Jangjorim (Soy Braised Beef)

Jangjorim (장조림) is a soy-braised beef dish. It’s a slightly sweet, salty side dish that’s meant to be eaten in small amounts. So, a little bit of meat goes a long way. Back in the day, when beef was scarce, jangjorim was an economical way to put some beef on the table for the whole family. It’s also a popular side dish for home-packed lunch boxes. Kids love it! Growing up, it was the most exciting thing to see in my lunch box.

Beef eye round is commonly used, but I prefer brisket or shank because they are more flavorful. Small blocks of beef are first cooked in water, along with a few aromatic vegetables, and then cooked in soy sauce based broth. The beef will turn tough if cooked in soy sauce from the beginning. I boil the aromatic vegetables, to make a flavorful broth, before adding the beef to cook. Shred a block of beef or two and pour the sauce over to serve.

1-1/2 pounds beef brisket (or shank)
1/2 medium onion
2 scallions white part
6 ounces of Korean radish (mu), cut into big chunks
7 garlic cloves
3 thin ginger slices (about 1-inch round)
1/2 teaspoon whole peppers (or ground peppers to taste)

5 tablespoons soy sauce
2 tablespoons soup soy sauce
3 tablespoons sugar
3 tablespoons rice wine (or mirin)
2 to 3 chili peppers (dried or fresh green/red peppers)
1 piece (3-inch square) dried kelp

Cut the beef into 2 to 3-inch rectangles.


In a covered medium pot, bring 6 – 7 cups of water and the next 6 ingredients to a boil. Continue to boil for 5 minutes.

Drop the meat into the pot. Bring it to a gentle boil, and remove the scum. Reduce the heat to medium low. Boil, covered, for about 30 minutes.


Remove the meat. Drain the liquid, reserving the broth.


Add 2 cups of the broth back to the pot. (You can save the remaining broth to make a soup or stew later.) Add the meat and sauce ingredients. Bring it to a boil. Reduce the heat to medium low, and boil until the meat is tender and the sauce is reduced to about 1/3, about 30 minutes. Add the chili peppers and dried kelp with about 7-8 minutes of time remaining.

Remove the kelp, and transfer the meat and sauce to an airtight container.



Shred the meat and pour some sauce over to serve. Keep it refrigerated in an airtight container. It will keep well up to 10 days. If you want to keep it longer, boil the meat and sauce again after a few days. The meat will become hard in the fridge. You can soften it by leaving the shredded beef out at room temperature for 20 to 30 minutes, or microwave for 10 – 15 seconds to soften.

Leave a Comment



  1. Sounds delicious! What exactly is "soup soy sauce"?
    • It's traditional Korean soy sauce that's made from fermented soybeans. It's lighter and saltier than regular soy sauce with a deeper flavor. If you don't have soup soy sauce, just use more regular soy sauce for this recipe.
  2. Ohh mouthwatering! I haven't made this dish in a long time. But now I gotta make it again. So yummy! Totally going to go pick up some meat for it.
  3. What brand soy sauce do you use?
  4. I am very happy and thankful for your website, I am a Portuguese married with a korean man who loves korean food, I am learning a lot thanks to you. Our baby boy will be one year in November hopefully by then I will be able to cook delicious food for his birthday. Thanks for sharing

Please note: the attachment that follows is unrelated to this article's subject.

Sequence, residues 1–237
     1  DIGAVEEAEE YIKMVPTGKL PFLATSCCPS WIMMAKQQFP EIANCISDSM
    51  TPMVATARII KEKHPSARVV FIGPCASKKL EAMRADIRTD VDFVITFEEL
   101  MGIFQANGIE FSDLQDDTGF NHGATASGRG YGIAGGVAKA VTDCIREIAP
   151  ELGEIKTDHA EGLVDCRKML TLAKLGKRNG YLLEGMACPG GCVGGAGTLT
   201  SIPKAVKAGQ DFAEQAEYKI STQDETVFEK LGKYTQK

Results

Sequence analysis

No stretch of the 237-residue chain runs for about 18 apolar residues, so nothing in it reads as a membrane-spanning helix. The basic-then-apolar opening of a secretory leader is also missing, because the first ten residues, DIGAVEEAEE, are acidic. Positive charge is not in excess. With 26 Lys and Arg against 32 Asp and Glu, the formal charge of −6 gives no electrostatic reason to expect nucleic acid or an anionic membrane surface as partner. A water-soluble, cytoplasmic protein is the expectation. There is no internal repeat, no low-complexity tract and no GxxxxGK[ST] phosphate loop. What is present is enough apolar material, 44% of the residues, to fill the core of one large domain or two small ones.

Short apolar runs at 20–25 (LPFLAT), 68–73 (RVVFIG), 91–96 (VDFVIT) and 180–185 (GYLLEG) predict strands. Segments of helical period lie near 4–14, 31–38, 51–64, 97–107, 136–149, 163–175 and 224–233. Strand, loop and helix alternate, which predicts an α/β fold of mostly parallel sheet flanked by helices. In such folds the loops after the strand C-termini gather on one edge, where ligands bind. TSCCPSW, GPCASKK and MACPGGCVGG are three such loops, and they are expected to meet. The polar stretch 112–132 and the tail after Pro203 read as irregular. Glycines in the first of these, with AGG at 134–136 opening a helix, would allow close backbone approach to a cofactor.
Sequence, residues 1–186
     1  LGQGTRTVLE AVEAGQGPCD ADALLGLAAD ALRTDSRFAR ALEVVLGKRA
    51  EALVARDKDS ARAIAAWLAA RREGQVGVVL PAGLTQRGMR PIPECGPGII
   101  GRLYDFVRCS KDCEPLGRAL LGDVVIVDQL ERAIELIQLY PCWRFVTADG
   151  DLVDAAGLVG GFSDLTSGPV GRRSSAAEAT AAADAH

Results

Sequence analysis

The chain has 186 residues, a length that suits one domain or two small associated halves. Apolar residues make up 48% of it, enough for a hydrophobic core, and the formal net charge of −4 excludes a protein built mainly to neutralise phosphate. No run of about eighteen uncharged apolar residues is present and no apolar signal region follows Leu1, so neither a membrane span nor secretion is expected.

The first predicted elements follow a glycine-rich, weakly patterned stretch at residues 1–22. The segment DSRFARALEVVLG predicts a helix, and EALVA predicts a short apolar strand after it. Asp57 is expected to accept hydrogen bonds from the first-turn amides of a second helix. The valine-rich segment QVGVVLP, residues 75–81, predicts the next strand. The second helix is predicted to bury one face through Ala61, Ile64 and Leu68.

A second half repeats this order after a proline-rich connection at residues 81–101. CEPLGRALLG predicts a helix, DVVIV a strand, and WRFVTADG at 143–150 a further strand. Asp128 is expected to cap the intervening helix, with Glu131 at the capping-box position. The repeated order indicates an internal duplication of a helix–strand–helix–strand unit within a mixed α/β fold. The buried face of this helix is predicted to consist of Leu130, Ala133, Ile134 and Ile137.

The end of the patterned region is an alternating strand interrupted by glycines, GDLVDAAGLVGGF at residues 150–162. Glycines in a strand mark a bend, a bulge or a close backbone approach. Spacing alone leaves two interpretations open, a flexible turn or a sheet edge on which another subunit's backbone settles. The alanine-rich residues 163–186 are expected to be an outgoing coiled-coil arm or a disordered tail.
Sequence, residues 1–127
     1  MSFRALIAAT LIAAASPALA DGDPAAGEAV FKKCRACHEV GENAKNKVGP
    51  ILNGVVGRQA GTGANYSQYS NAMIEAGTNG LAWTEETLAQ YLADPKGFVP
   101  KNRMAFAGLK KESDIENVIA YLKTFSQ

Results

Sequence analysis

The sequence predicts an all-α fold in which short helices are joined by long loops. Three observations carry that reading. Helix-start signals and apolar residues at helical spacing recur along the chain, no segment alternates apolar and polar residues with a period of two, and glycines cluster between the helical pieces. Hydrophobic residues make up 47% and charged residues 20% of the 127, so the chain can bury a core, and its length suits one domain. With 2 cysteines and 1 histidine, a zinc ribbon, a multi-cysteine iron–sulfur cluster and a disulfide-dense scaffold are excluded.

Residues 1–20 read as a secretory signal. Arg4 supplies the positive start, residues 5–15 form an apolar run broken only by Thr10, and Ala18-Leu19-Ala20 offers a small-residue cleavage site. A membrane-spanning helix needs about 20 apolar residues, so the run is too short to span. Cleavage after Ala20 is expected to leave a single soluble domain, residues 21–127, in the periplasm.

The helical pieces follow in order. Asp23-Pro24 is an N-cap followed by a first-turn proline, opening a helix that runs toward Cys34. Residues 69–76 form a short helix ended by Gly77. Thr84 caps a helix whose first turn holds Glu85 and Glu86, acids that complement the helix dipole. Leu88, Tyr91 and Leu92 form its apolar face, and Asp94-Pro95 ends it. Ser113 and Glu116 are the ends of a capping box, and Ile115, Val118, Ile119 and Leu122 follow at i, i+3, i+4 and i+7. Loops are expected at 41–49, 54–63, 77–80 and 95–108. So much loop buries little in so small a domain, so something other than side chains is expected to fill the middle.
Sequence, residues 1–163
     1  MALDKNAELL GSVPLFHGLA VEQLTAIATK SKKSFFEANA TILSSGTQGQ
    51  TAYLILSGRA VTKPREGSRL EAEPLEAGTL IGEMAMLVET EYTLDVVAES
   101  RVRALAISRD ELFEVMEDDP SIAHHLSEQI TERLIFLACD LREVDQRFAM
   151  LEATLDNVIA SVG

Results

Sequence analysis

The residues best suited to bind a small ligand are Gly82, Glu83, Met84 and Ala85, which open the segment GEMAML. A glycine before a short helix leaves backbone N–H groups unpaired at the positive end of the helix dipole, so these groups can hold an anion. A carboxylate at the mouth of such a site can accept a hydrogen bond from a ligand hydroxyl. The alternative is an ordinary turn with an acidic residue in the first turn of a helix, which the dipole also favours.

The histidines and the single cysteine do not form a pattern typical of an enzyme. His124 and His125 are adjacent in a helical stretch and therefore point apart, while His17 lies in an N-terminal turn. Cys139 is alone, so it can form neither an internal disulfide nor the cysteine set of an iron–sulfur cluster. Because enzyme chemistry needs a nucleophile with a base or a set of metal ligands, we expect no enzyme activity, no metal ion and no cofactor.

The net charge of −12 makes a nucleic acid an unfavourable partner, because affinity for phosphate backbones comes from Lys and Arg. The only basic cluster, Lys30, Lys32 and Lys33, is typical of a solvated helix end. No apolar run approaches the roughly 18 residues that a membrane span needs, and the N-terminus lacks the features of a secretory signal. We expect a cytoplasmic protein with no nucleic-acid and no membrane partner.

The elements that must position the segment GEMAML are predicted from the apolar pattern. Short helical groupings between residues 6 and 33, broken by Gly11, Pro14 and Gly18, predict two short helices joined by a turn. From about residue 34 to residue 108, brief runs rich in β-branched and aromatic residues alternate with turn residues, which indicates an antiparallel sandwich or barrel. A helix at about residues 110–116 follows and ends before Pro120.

• Hi Dalila - So happy to hear my recipes are helping you. I'm sure you'll be able to make delicious food for his birthday. Cheers!
  5. Young mi says:
    My mind is blank right now... What is good to serve this with (besides kimchee)? :)
    • Hi Young mi - Jangjorim is mitbanchan (basic side dish), so it's good with anything - jjigae, guk, vegetable sides, etc. Enjoy!
  6. Hi Hyosun, what kind of kelp do I buy to use here? Is it the same kind as that used in 미역국 (don't know if I spelled that right)? Can you give me some tips on what to look for? I have both Hmart & Assi stores here. Also, won't the brisket be tough if cooked only for 1-1.5 hours? Thank you for all your work in helping people with Korean food. God bless!
    • Hi Young mi - sorry about the late reply! It's dahima 다시마 not miyeok 미역 used in this recipe. There's a photo of dried kelp/dashima package here: http://www.koreanbapsang.com/2011/06/how-to-make-anchovy-broth-for-korean.html It should become tender enough with that time, but cook longer if you like it softer. Thanks!
  7. Otocolobus says:
    Hi! I think that korean radishes might be hard to find here. Is there any other vegetable that would be suitable to replace it with?
  8. Thank you so much for this wonderful recipe! It turned out super delicious. I forgot to put in ginger slices, but it still turned out the way my mom use to make it for me when I was a kid! I also put in some boiled eggs and it came out lovely.
  9. What if I wanted to use a crock pot for this recipe? How would I do it?
  10. i was thinking that this might be a great recipe for a pressure cooker like an instant pot. Have you tried it that way?
  11. How long would this lay in the refrigerator? Since there's so much sodium, I would imagine it stays a little longer than normal
  12. Kay Johnston says:
    Hi Hyosun! I’m new to your site and very excited to have found you. All recipes look so appetizing & thorough that I can follow. One question: rice wine, what is it called in Korean? Mirin, I know, is a Japanese version with some additional ingredients. Is it ”Matsul,” Cheongju, or soju? I don’t recall my mom using any kind of wine in her Korean cooking. Thank you.
    • Hi Kay! Traditionally, Koreans use cheongju in cooking, but these days seasoned cooking rice wine (mirin) is also widely used. Sometimes soju is also used. Any one of these is okay to use in the recipe or you can omit.